5.2/10
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16 user 11 critic

The Mad Butcher (1971)

Lo strangolatore di Vienna (original title)
R | | Comedy, Crime, Horror | May 1974 (USA)
After being released from a mental hospital, Otto returns to his old job as a butcher. He tries to adjust to his new life, but after a bitter argument with his wife, he accidentally kills ... See full summary »

Director:

Guido Zurli (as John Zurli)

Writers:

Dag Molin, Dick Randall (as Robert H. Oliver) | 1 more credit »
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Cast

Cast overview:
Victor Buono ... Otto Lehman
Franca Polesello Franca Polesello ... Berta Hensel
Brad Harris ... Mike Lawrence
Dario Michaelis Dario Michaelis ... Inspector Klaus
Karin Field ... Hanna Lehman (as Karen Field)
Luca Sportelli Luca Sportelli ... Karl Brunner
Hansi Linder ... Frieda Ulm
Tina Buranzo Tina Buranzo ... (as Tina Buronzo)
Giacomo Pergola Giacomo Pergola
Dino Peretti Dino Peretti
Claudio Trionfi Claudio Trionfi
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Storyline

After being released from a mental hospital, Otto returns to his old job as a butcher. He tries to adjust to his new life, but after a bitter argument with his wife, he accidentally kills her. Fearing he will be sent back to the hospital, he grinds up her body and sells it as sausages. As friends and relatives start asking questions about her disappearance, they too start ending up in the butcher's display case. Written by Jean-Marc Rocher <rocher@fiberbit.net>

Plot Summary | Add Synopsis

Taglines:

Meat is Meat, But This Sausage is Special! See more »

Genres:

Comedy | Crime | Horror

Certificate:

R | See all certifications »

Parents Guide:

View content advisory »
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Details

Country:

Italy | West Germany

Language:

English | Italian

Release Date:

May 1974 (USA) See more »

Also Known As:

The Mad Butcher See more »

Company Credits

Show more on IMDbPro »

Technical Specs

Runtime:

Sound Mix:

Mono

Color:

Color

Aspect Ratio:

1.85 : 1
See full technical specs »
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Did You Know?

Trivia

Also shown in the US as "Meat Is Meat". See more »

Crazy Credits

The words "Buon appetito" appear over the final shot, a close-up of the sausages made when Victor Buono falls into the meat-grinding machine. After a few seconds, the letter "O" is added, changing the caption to "Buono appetito." See more »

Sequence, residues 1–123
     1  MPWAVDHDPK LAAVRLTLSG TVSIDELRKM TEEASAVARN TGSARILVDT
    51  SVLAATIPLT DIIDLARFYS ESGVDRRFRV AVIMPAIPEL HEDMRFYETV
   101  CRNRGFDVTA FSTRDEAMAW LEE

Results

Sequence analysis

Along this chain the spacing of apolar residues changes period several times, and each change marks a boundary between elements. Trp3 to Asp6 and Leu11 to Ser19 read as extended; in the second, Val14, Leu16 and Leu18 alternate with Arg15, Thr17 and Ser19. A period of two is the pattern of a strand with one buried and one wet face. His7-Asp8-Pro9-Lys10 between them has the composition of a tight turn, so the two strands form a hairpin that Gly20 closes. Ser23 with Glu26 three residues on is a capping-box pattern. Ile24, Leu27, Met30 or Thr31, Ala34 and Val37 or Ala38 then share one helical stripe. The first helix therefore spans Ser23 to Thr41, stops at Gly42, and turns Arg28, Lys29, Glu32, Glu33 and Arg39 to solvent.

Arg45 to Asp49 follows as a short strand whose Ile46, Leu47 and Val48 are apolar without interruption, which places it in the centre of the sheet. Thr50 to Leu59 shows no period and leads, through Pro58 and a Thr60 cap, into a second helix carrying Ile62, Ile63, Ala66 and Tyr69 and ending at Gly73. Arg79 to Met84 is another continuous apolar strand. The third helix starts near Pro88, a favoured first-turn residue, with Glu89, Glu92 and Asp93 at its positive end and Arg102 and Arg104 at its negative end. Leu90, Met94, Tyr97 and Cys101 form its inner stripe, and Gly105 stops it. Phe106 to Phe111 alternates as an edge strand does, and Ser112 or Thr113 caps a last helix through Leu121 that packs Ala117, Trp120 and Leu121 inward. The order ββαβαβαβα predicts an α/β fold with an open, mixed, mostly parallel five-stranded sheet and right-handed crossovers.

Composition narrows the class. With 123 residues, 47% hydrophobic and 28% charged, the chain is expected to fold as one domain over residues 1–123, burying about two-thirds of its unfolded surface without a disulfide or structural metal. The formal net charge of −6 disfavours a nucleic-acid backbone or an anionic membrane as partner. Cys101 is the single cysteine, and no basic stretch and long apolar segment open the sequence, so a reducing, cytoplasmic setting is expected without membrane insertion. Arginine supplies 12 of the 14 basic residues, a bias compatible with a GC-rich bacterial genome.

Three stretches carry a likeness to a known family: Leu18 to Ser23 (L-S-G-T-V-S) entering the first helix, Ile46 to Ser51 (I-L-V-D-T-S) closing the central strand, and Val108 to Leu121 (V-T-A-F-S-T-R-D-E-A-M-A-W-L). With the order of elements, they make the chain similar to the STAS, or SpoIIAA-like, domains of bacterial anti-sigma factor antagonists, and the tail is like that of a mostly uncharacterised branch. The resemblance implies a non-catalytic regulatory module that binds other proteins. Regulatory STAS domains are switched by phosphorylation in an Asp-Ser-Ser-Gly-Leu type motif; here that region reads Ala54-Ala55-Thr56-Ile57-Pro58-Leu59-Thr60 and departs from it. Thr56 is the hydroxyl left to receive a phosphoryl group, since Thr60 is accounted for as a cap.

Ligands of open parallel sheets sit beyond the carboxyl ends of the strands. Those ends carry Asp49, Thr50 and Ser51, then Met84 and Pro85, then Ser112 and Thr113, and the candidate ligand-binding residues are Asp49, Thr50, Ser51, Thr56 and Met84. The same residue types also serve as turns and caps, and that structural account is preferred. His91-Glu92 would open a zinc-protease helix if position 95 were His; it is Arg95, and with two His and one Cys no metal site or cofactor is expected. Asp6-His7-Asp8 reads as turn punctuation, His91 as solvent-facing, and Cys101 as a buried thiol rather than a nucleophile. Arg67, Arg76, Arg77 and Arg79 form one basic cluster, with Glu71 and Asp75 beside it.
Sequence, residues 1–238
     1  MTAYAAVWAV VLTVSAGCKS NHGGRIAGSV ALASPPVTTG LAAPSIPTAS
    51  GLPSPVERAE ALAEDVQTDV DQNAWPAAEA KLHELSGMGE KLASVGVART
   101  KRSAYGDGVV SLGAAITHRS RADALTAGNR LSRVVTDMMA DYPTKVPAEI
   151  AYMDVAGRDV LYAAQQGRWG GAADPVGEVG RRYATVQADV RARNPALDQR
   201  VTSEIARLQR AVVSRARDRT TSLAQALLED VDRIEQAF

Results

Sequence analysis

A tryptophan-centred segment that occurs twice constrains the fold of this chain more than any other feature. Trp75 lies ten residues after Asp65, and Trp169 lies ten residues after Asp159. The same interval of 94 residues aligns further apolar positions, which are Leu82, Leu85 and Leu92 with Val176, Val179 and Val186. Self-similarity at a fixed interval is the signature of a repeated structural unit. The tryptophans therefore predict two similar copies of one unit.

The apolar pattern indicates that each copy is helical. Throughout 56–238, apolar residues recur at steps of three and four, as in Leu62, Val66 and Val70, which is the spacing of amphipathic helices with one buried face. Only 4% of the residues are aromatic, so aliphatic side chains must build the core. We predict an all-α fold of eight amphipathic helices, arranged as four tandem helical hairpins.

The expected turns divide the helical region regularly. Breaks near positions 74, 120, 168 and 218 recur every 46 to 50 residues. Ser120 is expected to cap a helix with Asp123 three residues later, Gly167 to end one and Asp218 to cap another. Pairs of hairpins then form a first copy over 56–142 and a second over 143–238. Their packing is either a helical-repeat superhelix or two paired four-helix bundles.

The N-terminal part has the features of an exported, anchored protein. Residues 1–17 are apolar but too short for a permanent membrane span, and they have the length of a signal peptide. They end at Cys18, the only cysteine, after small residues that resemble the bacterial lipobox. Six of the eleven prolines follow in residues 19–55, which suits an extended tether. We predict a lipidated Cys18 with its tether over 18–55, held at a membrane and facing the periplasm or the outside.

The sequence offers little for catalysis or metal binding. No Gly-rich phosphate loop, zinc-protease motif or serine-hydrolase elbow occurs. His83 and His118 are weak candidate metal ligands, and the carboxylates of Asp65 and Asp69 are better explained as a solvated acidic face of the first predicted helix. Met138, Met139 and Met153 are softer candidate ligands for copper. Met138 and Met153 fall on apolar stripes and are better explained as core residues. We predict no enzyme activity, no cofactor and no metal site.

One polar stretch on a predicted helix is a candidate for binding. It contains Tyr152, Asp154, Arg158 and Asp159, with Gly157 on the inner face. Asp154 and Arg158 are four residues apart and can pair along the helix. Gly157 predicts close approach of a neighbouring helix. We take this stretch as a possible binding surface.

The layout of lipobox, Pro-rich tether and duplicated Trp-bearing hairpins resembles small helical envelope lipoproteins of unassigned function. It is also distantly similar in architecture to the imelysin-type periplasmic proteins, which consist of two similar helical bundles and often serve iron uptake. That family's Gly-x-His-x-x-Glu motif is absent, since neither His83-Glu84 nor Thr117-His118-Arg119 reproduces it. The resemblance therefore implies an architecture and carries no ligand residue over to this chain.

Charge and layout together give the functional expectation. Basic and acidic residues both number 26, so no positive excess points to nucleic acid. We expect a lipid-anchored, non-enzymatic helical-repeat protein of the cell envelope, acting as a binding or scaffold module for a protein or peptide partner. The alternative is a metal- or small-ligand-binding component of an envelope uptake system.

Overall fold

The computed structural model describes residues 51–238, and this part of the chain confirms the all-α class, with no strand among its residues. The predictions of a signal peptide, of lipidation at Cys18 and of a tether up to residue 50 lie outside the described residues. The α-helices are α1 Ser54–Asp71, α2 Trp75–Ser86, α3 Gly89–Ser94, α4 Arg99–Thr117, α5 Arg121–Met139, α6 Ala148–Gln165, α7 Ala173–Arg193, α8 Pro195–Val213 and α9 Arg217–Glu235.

Connections

Featured in A Visit with Harry (2005) See more »

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User Reviews

 
Now, I Know How They Make Vienna Sausage!
8 April 2007 | by BaronBl00dSee all my reviews

The film opens with the line "Meat is Meat(alternate title as well), and just like that a B foreign horror film is a B foreign horror film. If you were expecting anything too grandiose, look not here to be sure. Nevertheless, as foreign B horror films go, one could do far worse than The Mad Butcher. Victor Buono sweats his way through the film as an Austrian butcher being released from a madhouse where he spent the last three years for throwing liver at a woman. Boy, with crimes being dealt with in that fashion just think what would happen if it were something else! Upon returning "home," Buono refuses to go home with his wife and soon occupies the spare room above his neglected butcher shop. Things were bad whilst he was gone: the shop is filthy, his brother-in-law is working behind the counter with dirty fingernails, and meat has risen in price catastrophically. Well, what do you expect with Buono in a loveless marriage where his wife controls the purse strings and orders him about? Meat du jour no doubt. The film has all those tantalizing ingredients so common to horror films of the 70s. Shocking violence(at least the suggestion of it) and gratuitous sex(here lots of frontal nudity and some scenes of a suggestive nature). Buono plays the Sweeny Todd type well. He definitely has a certain charisma despite his girth and swarthy elements. He literally pours perspiration throughout the whole movie. The rest of the cast does equally well in what is really a black comedy about a mad butcher who is really quite insane. I did tire of American actor Brad Harris in the hero role, however. The settings are very impressive and the music by Allesandro Allesandroni is compelling. As soon as I heard the catchy, kitschy music I knew I was familiar with it and its sound. Alllesandroni worked with Ennio Morricone in some of the Clint Eastwood westerns of the 60s and the style is unmistakable. The film is not particularly bloody at all, though the opening shots of raw meat being sliced were somewhat distasteful. The film never for one instant tries to take itself too terribly serious, yet it never descends into straight farce either. For its kind of film, it is a cut above the rest.


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